- Scientists have found a special protein in the banana that could help women prevent being infected by HIV during sexual intercourse. They hope this may open the door to new and cheaper treatments to prevent the spread of AIDS.
The researchers, from the US University of Michigan Medical School, have an emerging interest in lectins, a type of proteins naturally occurring chemicals in plants, because of their ability to halt the chain of reaction that leads to a variety of infections.
"In laboratory tests, BanLec, the lectin found in bananas, was as potent as two current anti-HIV drugs," according to the study. Based on the findings published this month in the scientific 'Journal of Biological Chemistry,' "BanLec may become a less expensive new component of applied vaginal microbicides," researchers say.
Although condom use is quite effective, condoms are most successful in preventing infection if used consistently and correctly, which is often not the case.
"That is particularly true in developing countries where women have little control over sexual encounters so development of a long-lasting, self-applied microbicide is very attractive," says study senior author David Marvovitz.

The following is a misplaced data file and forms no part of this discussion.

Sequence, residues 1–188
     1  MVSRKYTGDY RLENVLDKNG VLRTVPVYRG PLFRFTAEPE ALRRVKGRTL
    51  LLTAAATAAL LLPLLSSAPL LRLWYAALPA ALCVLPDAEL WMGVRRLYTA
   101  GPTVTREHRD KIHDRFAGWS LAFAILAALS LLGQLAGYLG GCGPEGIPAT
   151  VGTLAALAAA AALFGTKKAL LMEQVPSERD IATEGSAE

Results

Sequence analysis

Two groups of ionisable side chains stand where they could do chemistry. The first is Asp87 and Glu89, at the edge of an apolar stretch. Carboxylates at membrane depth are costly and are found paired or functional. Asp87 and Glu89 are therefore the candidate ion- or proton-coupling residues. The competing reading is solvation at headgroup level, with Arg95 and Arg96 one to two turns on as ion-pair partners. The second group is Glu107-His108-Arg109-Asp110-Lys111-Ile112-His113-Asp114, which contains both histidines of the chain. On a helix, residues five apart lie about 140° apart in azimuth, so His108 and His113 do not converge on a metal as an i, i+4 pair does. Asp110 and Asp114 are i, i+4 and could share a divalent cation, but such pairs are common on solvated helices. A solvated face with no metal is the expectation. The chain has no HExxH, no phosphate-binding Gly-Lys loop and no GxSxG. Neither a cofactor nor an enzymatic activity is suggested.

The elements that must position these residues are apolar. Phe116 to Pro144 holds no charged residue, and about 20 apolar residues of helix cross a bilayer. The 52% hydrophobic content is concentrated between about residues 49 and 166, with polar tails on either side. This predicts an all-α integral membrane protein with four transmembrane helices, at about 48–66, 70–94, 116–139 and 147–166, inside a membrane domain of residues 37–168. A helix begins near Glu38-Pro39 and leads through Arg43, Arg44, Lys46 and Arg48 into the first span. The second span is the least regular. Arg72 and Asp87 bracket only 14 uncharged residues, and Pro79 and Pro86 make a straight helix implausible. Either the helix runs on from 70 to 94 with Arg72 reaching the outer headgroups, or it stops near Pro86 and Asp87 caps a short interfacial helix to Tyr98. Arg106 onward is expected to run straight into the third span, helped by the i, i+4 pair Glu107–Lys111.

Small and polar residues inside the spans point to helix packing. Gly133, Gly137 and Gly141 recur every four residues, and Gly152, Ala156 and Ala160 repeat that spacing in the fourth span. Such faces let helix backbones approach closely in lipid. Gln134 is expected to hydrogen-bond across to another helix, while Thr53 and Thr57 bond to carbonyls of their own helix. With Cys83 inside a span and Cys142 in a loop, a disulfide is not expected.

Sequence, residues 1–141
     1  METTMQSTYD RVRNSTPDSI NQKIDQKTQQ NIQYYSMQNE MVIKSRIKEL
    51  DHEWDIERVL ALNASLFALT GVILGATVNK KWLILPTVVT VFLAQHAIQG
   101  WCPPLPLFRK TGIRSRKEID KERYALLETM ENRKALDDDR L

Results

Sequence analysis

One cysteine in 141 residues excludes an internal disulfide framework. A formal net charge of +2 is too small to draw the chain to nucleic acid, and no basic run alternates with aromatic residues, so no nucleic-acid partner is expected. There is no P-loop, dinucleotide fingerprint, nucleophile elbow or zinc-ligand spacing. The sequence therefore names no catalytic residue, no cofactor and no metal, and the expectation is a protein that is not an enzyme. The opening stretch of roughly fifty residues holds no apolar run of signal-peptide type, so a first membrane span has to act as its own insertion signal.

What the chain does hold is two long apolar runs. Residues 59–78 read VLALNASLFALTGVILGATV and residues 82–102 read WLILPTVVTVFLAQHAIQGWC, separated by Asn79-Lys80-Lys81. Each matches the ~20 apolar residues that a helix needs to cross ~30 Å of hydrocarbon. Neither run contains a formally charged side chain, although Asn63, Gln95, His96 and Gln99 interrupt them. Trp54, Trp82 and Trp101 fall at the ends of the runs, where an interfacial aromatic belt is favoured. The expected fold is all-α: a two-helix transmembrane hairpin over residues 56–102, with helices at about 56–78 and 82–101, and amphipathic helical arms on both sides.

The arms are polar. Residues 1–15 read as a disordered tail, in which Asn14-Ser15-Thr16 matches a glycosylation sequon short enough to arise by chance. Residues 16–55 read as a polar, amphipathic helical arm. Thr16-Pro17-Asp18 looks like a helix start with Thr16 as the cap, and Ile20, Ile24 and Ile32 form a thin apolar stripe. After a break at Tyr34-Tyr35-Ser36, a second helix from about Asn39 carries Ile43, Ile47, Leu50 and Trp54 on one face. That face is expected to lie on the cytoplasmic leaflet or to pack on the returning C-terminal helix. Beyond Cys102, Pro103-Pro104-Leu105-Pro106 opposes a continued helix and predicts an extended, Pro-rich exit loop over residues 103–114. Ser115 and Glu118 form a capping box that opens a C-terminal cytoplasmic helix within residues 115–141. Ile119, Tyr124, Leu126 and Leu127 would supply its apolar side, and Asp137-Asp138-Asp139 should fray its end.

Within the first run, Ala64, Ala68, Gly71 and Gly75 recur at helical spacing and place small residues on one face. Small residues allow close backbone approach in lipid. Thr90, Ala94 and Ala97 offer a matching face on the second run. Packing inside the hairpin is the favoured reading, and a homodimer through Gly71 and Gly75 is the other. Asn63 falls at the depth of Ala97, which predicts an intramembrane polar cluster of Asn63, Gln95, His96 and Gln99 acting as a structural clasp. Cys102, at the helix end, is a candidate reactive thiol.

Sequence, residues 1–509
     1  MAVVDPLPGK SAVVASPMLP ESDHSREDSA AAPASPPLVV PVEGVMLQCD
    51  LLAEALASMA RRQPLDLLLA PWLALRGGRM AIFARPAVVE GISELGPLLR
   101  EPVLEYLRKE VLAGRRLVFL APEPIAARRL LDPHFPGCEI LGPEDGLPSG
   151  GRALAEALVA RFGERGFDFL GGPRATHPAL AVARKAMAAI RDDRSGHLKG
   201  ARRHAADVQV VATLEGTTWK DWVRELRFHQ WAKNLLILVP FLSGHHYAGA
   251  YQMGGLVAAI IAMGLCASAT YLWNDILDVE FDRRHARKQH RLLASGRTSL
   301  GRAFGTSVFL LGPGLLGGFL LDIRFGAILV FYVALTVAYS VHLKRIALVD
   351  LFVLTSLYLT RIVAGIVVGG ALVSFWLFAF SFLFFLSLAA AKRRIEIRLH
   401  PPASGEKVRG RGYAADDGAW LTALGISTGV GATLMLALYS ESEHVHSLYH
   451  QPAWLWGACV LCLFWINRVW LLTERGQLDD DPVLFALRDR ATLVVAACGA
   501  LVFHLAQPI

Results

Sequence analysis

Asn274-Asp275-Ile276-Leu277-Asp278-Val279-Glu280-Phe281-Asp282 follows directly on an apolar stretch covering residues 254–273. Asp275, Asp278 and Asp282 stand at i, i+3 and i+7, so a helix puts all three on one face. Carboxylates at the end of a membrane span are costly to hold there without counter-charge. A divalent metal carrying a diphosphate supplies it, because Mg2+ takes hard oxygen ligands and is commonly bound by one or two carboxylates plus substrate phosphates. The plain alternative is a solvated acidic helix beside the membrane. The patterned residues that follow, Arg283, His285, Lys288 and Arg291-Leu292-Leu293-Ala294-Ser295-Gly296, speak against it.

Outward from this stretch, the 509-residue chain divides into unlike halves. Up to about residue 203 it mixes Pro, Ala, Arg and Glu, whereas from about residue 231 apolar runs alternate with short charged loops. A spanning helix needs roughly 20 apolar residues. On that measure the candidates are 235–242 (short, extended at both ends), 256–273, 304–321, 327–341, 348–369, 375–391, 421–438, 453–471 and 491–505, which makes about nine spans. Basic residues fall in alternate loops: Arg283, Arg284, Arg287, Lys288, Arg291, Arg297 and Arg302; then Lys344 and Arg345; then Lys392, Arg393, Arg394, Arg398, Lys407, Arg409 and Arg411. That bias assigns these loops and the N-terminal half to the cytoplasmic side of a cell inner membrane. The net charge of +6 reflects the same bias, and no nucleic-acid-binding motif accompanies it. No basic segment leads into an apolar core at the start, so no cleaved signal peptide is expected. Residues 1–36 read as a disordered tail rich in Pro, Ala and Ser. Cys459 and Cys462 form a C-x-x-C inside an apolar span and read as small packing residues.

Some of the most promising compounds for inhibiting vaginal and rectal HIV transmission are agents that block HIV prior to integration into its target cell, according to the study.
The new research describes the complex actions of lectins and their ability to outsmart HIV. Lectins are sugar-binding proteins. They can identify foreign invaders, like a virus, and attach themselves to the pathogen.
The researcher team discovered BanLec, the lectin in bananas, can inhibit HIV infection by binding to the sugar-rich HIV-1 envelope protein, gp120, and blocking its entry to the body.
"Therapies using BanLec could be cheaper to create than current anti-retroviral medications which use synthetically produced components, plus BanLec may provide a wider range of protection," the US researchers say.
"The problem with some HIV drugs is that the virus can mutate and become resistant, but that is much harder to do in the presence of lectins," says lead author Michael Swanson.
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